• Hypocalcemia: acute pancreatitis, parathyroid hormone deficiency after thyroidectomy, neck dissection, resistance to parathormone, hypomagnesemia, sepsis
  • Hypermagnesemia: increase oral magnesium intake
  • Hypomagnesemia: renal losses as in diuretics, alcohol use disorder or GI losses as in diarrhea
  • Bicarbonate level: increases in primary metabolic alkalosis or compensation to primary respiratory acidosis – decreases in primary metabolic acidosis or compensation to primary respiratory alkalosis.
  • Hyperchloremia: normal saline infusion
  • Hypochloremia: GI loss as in diarrhea, renal losses with diuretics
  • Hypophosphatemia: refeeding syndrome, vitamin D deficiency, hyperparathyroidism
  • Hyperphosphatemia: hypoparathyroidism, chronic kidney disease

References

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Electrolyte Balance – Pathophysiology, Mechanism, Importance

Electrolyte Balance/Fluid and electrolyte balance is one of the key issues in maintaining homeostasis in the body, and it also plays important roles in protecting cellular function, tissue perfusion, and acid-base balance. Fluid and electrolyte balance must also be maintained for the management of many clinical conditions. Electrolyte imbalances are common findings in many diseases.[,] Imbalances in every electrolyte must be considered in a combined and associated fashion, and examinations must aim to clarify the clinical scenario for an effective and successful treatment. Most of the important and prevailing electrolyte imbalances are hypo- and hyper-states of sodium, potassium, calcium, and magnesium.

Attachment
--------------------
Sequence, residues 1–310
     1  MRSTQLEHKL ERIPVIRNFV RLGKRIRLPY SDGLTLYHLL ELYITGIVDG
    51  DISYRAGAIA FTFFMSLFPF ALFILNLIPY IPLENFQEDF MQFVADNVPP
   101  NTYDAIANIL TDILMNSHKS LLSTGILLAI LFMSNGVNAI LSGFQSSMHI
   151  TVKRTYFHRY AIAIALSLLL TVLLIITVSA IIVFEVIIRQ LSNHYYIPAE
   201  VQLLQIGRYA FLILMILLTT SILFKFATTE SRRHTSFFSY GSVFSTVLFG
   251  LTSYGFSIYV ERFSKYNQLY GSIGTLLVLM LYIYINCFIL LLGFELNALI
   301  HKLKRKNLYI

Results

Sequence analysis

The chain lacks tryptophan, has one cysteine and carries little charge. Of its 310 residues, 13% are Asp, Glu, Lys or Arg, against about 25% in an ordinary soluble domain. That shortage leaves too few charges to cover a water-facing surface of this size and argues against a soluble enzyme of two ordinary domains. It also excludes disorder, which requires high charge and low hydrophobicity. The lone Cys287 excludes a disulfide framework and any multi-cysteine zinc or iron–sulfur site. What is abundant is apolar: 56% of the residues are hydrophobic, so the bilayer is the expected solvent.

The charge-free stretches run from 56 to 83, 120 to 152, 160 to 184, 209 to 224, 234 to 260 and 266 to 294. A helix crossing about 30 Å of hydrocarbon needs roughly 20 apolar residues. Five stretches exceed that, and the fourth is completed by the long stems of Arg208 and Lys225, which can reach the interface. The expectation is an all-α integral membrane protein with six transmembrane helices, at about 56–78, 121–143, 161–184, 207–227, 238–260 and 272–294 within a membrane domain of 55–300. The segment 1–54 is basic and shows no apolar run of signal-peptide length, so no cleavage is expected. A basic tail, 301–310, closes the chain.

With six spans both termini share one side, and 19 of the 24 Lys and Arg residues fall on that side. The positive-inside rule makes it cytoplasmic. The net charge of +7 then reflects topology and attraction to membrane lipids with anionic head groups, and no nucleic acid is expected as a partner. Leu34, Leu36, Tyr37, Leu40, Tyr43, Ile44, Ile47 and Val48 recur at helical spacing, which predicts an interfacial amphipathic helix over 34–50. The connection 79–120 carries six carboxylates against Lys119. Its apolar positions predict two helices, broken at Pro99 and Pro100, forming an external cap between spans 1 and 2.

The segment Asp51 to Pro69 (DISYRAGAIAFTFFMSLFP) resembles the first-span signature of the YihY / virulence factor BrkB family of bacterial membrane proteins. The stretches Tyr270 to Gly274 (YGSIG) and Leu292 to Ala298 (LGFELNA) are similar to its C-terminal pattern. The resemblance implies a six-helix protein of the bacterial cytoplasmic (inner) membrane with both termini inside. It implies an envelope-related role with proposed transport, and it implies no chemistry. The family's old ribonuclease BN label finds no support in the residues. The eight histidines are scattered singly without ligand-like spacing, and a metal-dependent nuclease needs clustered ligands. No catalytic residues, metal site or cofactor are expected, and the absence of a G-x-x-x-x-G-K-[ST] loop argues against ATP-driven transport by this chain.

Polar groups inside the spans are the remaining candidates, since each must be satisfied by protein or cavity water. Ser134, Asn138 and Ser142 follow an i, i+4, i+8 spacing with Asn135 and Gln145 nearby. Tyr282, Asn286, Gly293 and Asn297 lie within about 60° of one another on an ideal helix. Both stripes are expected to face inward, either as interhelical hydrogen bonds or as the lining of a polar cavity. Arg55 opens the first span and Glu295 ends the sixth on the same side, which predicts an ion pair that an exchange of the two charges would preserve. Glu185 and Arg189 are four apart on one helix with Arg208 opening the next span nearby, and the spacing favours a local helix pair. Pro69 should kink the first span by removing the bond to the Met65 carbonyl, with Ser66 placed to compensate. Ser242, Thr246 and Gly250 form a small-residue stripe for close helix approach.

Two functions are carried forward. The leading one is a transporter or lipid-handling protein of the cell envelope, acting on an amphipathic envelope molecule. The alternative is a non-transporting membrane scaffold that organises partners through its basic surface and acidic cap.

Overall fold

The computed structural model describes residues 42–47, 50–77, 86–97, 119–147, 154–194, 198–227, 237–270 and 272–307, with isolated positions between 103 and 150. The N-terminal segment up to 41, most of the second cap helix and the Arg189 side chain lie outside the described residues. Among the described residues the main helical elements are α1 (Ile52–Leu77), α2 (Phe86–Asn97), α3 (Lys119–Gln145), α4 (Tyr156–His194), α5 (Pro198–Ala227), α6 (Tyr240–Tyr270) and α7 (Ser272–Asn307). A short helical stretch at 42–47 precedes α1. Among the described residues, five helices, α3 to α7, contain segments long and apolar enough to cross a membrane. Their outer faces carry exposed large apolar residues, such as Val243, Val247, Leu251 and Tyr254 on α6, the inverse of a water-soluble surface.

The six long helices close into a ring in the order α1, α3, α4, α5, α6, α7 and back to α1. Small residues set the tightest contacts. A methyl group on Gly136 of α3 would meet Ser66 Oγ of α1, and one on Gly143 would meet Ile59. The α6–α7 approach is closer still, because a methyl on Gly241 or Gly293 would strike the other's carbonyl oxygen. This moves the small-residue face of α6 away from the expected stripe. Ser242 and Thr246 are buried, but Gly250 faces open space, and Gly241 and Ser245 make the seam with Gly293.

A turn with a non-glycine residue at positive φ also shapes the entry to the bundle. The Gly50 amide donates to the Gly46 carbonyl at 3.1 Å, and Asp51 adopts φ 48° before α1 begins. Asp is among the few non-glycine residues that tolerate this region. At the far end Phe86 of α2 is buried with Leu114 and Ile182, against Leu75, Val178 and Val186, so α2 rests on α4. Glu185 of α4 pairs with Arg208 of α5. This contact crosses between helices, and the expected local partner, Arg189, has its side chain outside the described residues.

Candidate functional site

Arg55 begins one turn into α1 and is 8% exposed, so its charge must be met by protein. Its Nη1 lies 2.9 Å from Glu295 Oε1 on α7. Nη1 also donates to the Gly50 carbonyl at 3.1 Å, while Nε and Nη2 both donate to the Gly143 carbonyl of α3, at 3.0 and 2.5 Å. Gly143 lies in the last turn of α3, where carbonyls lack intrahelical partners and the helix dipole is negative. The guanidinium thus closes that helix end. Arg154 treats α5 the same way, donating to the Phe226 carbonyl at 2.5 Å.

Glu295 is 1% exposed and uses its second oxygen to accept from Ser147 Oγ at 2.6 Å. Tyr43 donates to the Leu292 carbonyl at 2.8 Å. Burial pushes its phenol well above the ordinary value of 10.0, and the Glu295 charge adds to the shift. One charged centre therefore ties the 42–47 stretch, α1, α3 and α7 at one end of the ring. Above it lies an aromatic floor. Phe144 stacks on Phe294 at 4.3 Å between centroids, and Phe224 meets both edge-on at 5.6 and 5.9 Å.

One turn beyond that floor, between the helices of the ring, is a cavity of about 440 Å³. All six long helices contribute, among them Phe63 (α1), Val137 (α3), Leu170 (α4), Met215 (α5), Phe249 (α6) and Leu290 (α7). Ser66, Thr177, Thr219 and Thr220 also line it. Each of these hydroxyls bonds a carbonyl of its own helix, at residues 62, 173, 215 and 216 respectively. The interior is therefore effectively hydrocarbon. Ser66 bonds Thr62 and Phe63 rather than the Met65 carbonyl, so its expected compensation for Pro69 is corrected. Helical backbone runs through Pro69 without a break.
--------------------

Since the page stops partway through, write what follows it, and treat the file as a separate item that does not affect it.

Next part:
Electrolytes are essential for basic life functioning, such as maintaining electrical neutrality in cells, generating and conducting action potentials in the nerves and muscles. Sodium, potassium, and chloride are significant electrolytes along with magnesium, calcium, phosphate, and bicarbonates. Electrolytes come from our food and fluids.

These electrolytes can have an imbalance, leading to either high or low levels. High or low levels of electrolytes disrupt normal bodily functions and can lead to even life-threatening complications. This article reviews the basic physiology of electrolytes and their abnormalities, and the consequences of electrolyte imbalance.

Electricity and your body

Electrolytes take on a positive or negative charge when they dissolve in your body fluid. This enables them to conduct electricity and move electrical charges or signals throughout your body. These charges are crucial to many functions that keep you alive, including the operation of your brain, nerves, and muscles, and the creation of new tissue.

Each electrolyte plays a specific role in your body. The following are some of the most important electrolytes and their primary functions:

Sodium

  • helps control fluids in the body, impacting blood pressure
  • necessary for muscle and nerve function

Chloride

  • helps balance electrolytes
  • helps balance electrolytes
  • balances acidity and alkalinity, which helps maintain a healthy pH
  • essential to digestion